NSX-v Central CLI Packet Capture

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In NSX-v 6.2.3 a new feature to aid troubleshooting and operations got introduced, called Central CLI for Packet Capture. The feature is intended to reduce the administrative burden of logging onto any ESXi host to start a packet capture. The ability to perform packet captures for troubleshooting network issues is something all network guys do from time to time and using a network virtualisation platform such as VMware NSX for vSphere it’s no different. Therefore, in this post, I will go through the process of initiating a packet capture using the NSX-v Central CLI for a VM that is misbehaving.

Setting the scene

So let’s begin by first setting the scene, I have the following components in play:

Server NameFunctionDescription
vcsa01vCenter ServerVersion 6.0 U2
nsx01aNSX ManagerVersion 6.2.4
vsphereESXi HostVersion 6.0 U2
ubuntu1Virtual MachineTest VM
CentOSSCP ServerRemote Transfer Server

Identifying the VNIC

The objective is to identify the HOST-ID and VNIC-ID of the VM that we will be performing the packet capture on. The subsequent steps will take you through the process and assumes you already have a SSH connection open to the NSX Manager.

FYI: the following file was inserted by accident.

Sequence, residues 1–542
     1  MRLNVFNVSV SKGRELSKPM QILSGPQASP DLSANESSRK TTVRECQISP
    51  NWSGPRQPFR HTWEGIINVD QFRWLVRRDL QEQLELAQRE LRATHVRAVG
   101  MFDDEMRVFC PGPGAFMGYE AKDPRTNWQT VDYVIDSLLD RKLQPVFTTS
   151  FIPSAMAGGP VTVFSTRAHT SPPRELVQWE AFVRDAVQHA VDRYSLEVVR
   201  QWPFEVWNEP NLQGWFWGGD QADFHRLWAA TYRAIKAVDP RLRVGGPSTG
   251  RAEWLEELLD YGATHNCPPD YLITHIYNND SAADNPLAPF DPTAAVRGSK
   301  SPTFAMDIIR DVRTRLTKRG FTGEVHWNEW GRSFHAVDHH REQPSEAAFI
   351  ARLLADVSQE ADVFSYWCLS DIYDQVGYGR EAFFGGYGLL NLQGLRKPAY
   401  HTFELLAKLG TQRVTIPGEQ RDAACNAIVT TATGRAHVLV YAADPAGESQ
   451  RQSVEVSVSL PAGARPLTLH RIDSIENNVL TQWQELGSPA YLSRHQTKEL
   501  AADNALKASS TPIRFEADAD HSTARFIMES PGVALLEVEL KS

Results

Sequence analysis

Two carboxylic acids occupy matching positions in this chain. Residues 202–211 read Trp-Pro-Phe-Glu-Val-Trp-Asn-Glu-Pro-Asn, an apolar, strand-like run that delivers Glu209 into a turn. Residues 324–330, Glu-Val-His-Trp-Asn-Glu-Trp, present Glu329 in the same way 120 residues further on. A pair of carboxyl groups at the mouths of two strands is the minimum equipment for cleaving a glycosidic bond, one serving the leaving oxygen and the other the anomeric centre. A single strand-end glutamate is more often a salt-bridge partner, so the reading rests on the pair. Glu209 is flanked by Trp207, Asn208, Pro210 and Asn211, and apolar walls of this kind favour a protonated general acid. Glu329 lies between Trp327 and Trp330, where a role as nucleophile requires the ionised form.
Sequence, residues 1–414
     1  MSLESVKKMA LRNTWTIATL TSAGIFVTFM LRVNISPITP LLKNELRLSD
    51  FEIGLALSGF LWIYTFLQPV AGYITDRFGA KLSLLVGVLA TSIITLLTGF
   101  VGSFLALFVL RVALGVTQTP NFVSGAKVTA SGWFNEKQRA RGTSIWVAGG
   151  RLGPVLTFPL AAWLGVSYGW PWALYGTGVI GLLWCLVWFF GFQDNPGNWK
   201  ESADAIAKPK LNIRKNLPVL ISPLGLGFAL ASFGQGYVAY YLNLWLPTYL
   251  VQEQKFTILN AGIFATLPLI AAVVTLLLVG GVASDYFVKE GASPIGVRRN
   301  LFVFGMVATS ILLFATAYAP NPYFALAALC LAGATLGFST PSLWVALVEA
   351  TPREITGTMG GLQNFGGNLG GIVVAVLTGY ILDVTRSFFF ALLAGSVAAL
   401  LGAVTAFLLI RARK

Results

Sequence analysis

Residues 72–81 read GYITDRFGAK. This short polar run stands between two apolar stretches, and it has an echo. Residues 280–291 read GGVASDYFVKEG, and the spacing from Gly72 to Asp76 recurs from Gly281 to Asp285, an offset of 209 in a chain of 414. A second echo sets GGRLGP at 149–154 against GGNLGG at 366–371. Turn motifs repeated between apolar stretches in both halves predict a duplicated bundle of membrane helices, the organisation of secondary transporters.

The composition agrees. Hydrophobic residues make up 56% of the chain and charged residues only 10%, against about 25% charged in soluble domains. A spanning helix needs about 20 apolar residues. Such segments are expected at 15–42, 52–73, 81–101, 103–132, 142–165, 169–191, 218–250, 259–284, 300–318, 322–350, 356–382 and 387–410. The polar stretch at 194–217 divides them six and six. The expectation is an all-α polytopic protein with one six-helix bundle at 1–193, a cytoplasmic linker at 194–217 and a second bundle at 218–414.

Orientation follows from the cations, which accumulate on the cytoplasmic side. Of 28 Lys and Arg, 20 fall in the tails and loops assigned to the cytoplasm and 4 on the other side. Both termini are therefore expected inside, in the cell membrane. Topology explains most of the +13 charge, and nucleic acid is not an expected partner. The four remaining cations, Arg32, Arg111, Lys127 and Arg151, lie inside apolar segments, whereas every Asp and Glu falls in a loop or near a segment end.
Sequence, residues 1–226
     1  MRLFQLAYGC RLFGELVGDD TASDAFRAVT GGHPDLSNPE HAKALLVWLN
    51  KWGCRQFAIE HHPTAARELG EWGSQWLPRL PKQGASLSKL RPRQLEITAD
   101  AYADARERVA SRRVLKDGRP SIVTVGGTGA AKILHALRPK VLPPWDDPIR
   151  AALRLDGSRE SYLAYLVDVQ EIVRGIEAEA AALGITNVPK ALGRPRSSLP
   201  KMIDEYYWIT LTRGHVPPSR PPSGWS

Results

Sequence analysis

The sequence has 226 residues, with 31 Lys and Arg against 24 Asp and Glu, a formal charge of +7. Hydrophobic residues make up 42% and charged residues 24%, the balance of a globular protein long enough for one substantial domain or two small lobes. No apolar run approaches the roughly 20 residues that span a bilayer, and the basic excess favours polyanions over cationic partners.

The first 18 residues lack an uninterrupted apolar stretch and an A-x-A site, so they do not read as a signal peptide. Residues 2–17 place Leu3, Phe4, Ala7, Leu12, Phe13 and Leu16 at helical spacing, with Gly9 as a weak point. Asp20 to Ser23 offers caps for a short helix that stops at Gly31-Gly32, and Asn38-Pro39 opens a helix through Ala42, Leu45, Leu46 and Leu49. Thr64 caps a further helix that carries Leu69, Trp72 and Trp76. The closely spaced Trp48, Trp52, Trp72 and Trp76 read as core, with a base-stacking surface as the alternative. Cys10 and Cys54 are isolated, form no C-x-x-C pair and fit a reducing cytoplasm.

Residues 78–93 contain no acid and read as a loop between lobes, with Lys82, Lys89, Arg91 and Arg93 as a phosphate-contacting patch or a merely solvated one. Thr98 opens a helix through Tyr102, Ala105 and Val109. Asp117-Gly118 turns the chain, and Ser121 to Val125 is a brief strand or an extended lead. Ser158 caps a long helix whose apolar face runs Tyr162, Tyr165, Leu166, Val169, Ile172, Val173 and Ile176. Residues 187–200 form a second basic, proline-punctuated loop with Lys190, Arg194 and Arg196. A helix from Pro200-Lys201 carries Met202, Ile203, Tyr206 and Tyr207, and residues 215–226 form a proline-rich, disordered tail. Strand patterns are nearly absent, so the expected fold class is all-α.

Identify which clusters you have the Distributed Firewall installed on, by executing the command:

1nsx01a.tonysangha.com> show cluster all
2No.  Cluster Name     Cluster Id               Datacenter Name   Firewall Status          
31    MGMT             domain-c26               Datacenter        Enabled                  
42    Compute%2fEdge   domain-c33               Datacenter        Enabled

Identify the hosts in the cluster where the VM is running:

1nsx01a.tonysangha.com> show cluster domain-c26 
2Datacenter: Datacenter               
3Cluster: MGMT                     
4No.  Host Name                Host Id                  Installation Status                               
51    vsphere.tonysangha.com   host-36                  Enabled        

Identify the virtual machines running on the ESXi host:

1nsx01a.tonysangha.com> show host host-36 
2Datacenter: Datacenter               
3Cluster: MGMT                     
4Host: vsphere.tonysangha.com